[toc]Maine became the fifth state to legalize paid-entry fantasy sports this year — and the 15th overall — with a new law that went on the books on Wednesday.
It’s the latest in a run of victories in small Northeastern states for daily fantasy sports sites DraftKings and FanDuel. Vermont, New Hampshire and Delaware have all enacted laws since the start of June.
Marc La Vorgna, spokesperson for DraftKings and FanDuel, offered this statement after Maine’s law took effect:
“Maine is now the 15th state to adopt a regulatory framework to protect the right to play fantasy sports, protect consumers and help a booming piece of the tech economy continue to grow. Thanks to action by the legislature — led by Senators Carpenter, Jackson, Katz, and Mason, and Representatives Dillingham, Farrin, Golden and Luchini — up to 200,000 Mainers will continue to enjoy our new national pastime — fantasy sports — under a framework of sensible, light-touch consumer protections.”
The Maine fantasy sports law, at a glance
The state legislature approved a bill clarifying the legality of fantasy sports and regulating paid contests in July.
Gov. Paul LePage had until last night to sign or veto the bill, or do nothing and allow it to become law via his inaction. The latter is what happened, officially turning the bill into law.
No matter how it happened, it’s still another law that’s good for DFS operators. Here’s what’s in it:
- Declares fantasy sports a game of skill and exempt from state gaming laws.
- Oversight of operators is given to the Gambling Control Unit within the Department of Public Safety. The director of that body is given wide-ranging powers, including the ability to promulgate rules.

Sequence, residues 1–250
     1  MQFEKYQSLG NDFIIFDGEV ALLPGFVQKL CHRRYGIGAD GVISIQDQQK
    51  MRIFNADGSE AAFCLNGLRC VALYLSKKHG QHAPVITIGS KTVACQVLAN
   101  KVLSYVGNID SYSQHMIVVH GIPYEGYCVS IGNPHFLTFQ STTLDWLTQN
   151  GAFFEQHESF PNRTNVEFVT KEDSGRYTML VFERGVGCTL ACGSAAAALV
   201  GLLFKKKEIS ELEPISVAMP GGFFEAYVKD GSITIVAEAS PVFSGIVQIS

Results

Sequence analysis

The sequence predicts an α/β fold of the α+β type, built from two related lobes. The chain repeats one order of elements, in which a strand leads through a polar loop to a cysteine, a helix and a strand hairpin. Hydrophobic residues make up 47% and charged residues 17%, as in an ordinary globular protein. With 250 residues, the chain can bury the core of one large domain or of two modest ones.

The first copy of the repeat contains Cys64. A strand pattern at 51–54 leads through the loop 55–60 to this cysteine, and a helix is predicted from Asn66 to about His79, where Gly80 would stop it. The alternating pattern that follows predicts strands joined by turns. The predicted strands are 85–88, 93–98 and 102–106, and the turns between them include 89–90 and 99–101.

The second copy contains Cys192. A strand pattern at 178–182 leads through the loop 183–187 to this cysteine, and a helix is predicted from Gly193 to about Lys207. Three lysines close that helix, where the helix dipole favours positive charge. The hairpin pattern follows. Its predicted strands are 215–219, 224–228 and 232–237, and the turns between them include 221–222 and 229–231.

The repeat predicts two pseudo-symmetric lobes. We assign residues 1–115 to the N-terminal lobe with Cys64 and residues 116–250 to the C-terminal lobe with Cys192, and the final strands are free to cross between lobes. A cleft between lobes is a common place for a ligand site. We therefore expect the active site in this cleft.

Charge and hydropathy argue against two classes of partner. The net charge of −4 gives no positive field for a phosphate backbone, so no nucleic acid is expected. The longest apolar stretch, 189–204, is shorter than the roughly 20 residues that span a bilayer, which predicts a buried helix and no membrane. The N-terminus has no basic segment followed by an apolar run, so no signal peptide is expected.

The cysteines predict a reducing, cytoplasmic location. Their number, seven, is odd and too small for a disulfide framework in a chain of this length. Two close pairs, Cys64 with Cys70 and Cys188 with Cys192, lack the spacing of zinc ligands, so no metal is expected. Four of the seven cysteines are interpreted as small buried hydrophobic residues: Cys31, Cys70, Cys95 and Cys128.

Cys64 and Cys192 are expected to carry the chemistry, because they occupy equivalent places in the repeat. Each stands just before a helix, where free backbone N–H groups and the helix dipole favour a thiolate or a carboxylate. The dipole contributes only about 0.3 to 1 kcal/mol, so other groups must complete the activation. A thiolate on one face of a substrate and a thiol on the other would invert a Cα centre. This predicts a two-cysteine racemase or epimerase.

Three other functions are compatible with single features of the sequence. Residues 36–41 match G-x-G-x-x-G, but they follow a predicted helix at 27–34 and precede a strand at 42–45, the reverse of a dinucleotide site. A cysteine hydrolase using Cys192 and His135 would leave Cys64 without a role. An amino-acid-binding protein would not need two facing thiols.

- The licensing fee for operators with revenue in state of more than $100,000 is $2,500. That would only apply to DraftKings and FanDuel. Companies with revenue less than that are not subject to a licensure fee. Smaller operators may be subject to an application fee that is to be determined.
- The same $100,000 threshold applies for a tax of 10 percent on gross revenue in the state. Only DraftKings and FanDuel would have to pay this, as the industry is currently situated.
- A number of consumer protections are in the law that have also appeared in other states. The laws says that operators must prevent play by employees, establish responsible gaming protocols, and segregate player funds from operational funds, among other provisions. On the final point, an audit on the disposition of funds is only required for sites with gross revenue of more than $100,000 in the state.
- The law sets a minimum age of 18 for players.
- The law prohibits contests based on collegiate or other amateur events.
The tally of states with DFS laws
Here’s the full list of states with fantasy sports laws (bold passed in 2017):
- New Hampshire
- New York
All of those except for Kansas include some sort of regulatory component.
A bill in New Jersey has reached the desk of Gov. Chris Christie, who has not signed or vetoed it, yet.
Trouble elsewhere in New England…
The news wasn’t as good in Massachusetts, the first state that acted to regulated DFS, this week.
A report from the Massachusetts Special Commission on Online Gaming, Fantasy Sports Gaming and Daily Fantasy Sports recommended that the legislature designate DFS as “online gaming.”
Moving in that direction would fundamentally alter how the state treats DFS operators. And it could have an impact in other states considering fantasy sports regulation. All the states above have specifically given DFS legal clarity as a game of skill and have not stirred up the hornets’ nest of being calling “gambling.”
DraftKings voiced its displeasure with the special commission’s report.